- Feb 22, 2013
Nor do I disagree with you here. The higher-ups can and do often have their heads up their backsides, especially when at odds with the creators below them, but you do generally have to be right more than wrong, especially if you're an executive dealing with huge sums of invested money, or else you're not going to last long either. I am totally behind diversification in art, just not for the same reasons most people seem to be. I don't view it as an ethical issue, I view it as a creative one. I can go into that more should you like but it's not necessary.The Almighty Aardvark said:I don't disagree with you here. Though it should be noted that what the higher up's in big companies think is economically viable isn't always what is. That's how movies like Deadpool can come out of nowhere and make a big splash, and how movies that they've sunk hundreds of millions of dollars into (Even those containing all the factors they believe will appeal to the majority demographic) can absolutely flop. One way to show different paradigms work is as you say, have something come out of nowhere and be a hit. Another is to have enough of a vocal support for a paradigm shift. Or through a combination of the two, to really drive it home.Gorrath said:If 60-70% of your customer base is group X, then nearly 100% of your product is going to be aimed at group X. A much better way of attacking creative stagnation is to show that different creative paradigms can be commercially viable. The only way this can be done is through big companies taking risks or small companies making it big, I'll grant you that, but companies by their nature are risk averse creatures and rightfully so. You are right that the star power argument facilitates a continuation of the creative stagnation but one must also demonstrate that a break from that stagnation to be economically preferable. That's the hard part.
As to your analogy though, it's not a great one. You're conflating a macro situation(the whole economies of nations) with something micro (the ethics of individual hiring practices.) The ethics of "positive discrimination" are in no way comparable to macro-economic factors of nations because people aren't collectives and nations are.
The problem with your first analogy is one of scale. You fix that in your second analogy but you've made another problem by creating a red herring. You are right that taking food from a rich person and giving it to a poor person isn't the same as the reverse, morally or ethically. I totally agree with that. The problem is that's not what's going on here. An analogy that actually encompasses what's going on is this. John is white and Sam is black; both are starving. You have food to give to one of them. You choose to give it to Sam because white people are more prosperous in general than black people in the society.The point of my analogy wasn't to say that these two scenarios are equal. It's not hypocritical for more white countries to donate food to black countries, as the reality is that the only distinguishing factors are not just that one group is majority white, while the other is majority black. There's also the fact that black countries overall hold a lot less wealth than white countries, and this is why you can argue that the situation isn't hypocritical, on average black countries need more food.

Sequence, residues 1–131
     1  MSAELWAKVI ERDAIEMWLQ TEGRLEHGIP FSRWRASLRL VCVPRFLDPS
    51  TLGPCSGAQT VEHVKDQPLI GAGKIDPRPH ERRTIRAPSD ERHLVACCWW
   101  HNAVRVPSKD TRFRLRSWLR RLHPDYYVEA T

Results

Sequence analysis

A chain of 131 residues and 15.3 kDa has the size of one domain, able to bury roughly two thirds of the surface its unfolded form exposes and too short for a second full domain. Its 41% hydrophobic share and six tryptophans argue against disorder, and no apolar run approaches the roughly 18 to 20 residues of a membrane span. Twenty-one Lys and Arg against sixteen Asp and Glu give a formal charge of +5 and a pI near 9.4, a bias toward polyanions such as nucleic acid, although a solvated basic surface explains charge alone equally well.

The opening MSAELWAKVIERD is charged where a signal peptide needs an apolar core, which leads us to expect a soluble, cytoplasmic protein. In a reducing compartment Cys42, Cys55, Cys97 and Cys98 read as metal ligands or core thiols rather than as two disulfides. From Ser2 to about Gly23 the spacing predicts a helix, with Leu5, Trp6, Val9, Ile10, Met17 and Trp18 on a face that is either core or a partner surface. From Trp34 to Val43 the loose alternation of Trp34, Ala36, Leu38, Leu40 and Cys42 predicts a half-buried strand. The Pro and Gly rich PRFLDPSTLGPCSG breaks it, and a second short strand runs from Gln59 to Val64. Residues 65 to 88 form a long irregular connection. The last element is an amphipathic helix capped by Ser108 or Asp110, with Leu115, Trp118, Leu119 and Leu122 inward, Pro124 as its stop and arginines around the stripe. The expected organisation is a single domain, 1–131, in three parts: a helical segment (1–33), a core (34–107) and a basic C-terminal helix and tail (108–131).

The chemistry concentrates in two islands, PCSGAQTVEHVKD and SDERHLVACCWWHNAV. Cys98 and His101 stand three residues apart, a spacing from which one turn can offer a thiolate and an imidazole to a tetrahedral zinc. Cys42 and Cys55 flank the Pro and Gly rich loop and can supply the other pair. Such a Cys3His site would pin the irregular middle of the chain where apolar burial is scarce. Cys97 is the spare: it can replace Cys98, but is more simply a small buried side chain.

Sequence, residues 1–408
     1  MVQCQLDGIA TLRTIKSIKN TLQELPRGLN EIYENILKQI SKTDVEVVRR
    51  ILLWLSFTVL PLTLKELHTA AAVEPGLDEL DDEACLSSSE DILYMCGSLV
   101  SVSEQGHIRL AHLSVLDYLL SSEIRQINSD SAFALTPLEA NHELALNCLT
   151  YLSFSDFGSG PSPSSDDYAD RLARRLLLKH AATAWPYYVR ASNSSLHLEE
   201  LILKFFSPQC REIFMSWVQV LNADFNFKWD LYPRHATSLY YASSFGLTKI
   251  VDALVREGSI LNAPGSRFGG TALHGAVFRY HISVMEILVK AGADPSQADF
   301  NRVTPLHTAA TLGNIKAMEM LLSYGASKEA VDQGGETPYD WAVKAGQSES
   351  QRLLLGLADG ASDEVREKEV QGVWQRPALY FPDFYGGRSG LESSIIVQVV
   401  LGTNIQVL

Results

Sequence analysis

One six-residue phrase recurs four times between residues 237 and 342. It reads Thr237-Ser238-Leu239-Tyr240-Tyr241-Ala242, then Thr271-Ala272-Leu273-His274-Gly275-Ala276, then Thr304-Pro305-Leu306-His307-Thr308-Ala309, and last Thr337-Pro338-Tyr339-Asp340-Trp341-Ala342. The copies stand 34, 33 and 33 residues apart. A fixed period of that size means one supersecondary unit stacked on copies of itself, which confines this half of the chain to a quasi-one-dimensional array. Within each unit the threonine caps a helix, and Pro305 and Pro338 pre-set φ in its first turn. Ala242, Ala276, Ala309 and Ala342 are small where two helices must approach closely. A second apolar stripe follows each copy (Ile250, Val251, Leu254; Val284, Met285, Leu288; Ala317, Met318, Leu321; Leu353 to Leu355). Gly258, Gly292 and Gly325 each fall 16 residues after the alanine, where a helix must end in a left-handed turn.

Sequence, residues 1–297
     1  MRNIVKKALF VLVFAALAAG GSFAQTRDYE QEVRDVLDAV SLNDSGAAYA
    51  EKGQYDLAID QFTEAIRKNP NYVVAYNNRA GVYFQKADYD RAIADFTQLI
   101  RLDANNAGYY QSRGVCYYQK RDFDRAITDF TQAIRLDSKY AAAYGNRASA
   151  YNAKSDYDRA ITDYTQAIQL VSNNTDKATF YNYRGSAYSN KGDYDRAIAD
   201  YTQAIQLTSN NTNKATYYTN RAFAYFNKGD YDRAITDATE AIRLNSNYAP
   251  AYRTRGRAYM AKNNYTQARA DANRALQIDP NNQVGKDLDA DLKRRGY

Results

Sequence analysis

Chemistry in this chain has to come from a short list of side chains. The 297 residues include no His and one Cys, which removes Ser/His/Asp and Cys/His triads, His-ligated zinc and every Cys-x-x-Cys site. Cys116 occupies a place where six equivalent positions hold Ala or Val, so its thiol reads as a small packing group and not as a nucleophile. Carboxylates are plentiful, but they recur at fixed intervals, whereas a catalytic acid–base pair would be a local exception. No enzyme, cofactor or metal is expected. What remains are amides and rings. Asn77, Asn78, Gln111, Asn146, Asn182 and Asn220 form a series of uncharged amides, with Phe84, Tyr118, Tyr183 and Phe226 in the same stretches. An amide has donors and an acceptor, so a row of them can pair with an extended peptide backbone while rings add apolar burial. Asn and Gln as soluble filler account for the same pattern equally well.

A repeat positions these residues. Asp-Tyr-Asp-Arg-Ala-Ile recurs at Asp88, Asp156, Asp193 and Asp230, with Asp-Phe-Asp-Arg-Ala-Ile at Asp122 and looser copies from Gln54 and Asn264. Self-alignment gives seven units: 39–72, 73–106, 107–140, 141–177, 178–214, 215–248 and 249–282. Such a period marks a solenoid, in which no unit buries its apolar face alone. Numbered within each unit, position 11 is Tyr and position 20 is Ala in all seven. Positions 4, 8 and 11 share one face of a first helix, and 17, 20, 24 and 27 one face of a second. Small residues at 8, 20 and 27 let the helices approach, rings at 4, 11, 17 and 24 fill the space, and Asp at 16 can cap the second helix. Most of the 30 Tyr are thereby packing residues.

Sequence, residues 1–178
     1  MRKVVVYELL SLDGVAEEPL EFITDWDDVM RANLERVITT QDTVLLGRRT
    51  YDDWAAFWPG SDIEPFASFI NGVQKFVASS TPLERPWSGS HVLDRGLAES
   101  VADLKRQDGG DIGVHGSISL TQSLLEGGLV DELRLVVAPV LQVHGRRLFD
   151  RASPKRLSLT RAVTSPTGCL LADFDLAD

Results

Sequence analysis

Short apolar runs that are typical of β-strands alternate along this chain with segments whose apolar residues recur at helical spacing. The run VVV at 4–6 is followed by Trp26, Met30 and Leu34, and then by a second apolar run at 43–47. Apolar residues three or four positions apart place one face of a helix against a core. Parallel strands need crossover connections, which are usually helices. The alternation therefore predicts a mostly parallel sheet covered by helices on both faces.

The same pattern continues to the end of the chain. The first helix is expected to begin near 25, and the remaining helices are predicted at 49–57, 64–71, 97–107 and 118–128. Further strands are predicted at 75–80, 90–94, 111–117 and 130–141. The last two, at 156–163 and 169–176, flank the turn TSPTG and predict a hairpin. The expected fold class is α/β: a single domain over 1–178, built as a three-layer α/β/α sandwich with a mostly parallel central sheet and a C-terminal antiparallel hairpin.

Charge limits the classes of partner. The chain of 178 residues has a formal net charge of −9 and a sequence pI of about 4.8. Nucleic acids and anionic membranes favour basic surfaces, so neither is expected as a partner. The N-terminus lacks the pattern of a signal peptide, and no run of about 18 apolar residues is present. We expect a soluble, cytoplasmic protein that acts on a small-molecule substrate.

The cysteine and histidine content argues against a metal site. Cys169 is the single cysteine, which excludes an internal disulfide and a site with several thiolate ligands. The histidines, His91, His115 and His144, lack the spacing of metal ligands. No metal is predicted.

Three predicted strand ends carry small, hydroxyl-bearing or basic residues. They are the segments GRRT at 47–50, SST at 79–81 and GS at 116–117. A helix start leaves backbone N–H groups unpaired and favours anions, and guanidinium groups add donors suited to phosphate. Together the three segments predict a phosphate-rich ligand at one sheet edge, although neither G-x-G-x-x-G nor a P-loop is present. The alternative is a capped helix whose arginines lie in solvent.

Same with casting roles, there are far fewer roles for black actors than there are for white actors. Casting one of the rare black characters as a white actor will make it more difficult for black actors than casting one of the common white characters as a black actor will for white actors. For a more micro comparison (Although of obviously different scale), taking food from a starving person and giving it to someone who's full isn't morally equivalent to the reverse. It's disingenuous to reduce the only relevant differences to the color of their skin.
In light of that analogy, where both people are competing for a resource they both need, you aren't taking from a rich John and giving to a poor Sam, you are taking a limited resource and discriminating against John because he's white. The problem is that if you start with the premise that discriminating against people because of the color of the skin is wrong, then you have just done an injustice to John. Yes, white people on the whole might not be starving but John is and so the general success of white people should not be used as a reason to do him an injustice. John is not a nation, as in your first analogy, he's not rich, as in your second and he's not a collective, he's a person, an entity all to himself, who deserves to compete equally for work without regard to his skin color. The same is true with Sam.
This is why the notion that it's okay to make white characters black but not the reverse is hypocritical and unjust. You aren't simply taking from the haves and giving to the have-nots like the over-simplified version of the defense of this kind of policy suggests, you are taking from a person because of the color of their skin and giving to another person because of the color of their skin. That's where the hypocrisy is in all this. You can't say that discriminating against someone due to their skin color is unjust and then claim that discriminating against John because he's white is just; appealing to a collectivist view does nothing to moderate or assuage that fact because John isn't a collective or a nation.
All of that said I have no problem with the race of characters being changed. Idris Elba as Heimdall being one of my favorite examples of why, in most cases, this just does not matter. Changing Martin Luther King jr. to be white in a movie is obviously a huge problem though, so context is key. But in any case, appealing to collectivism to defend racist policies is deeply flawed and terribly unjust. Appealing to creative exploration and diversity for the sake of everyone is a much more sound position.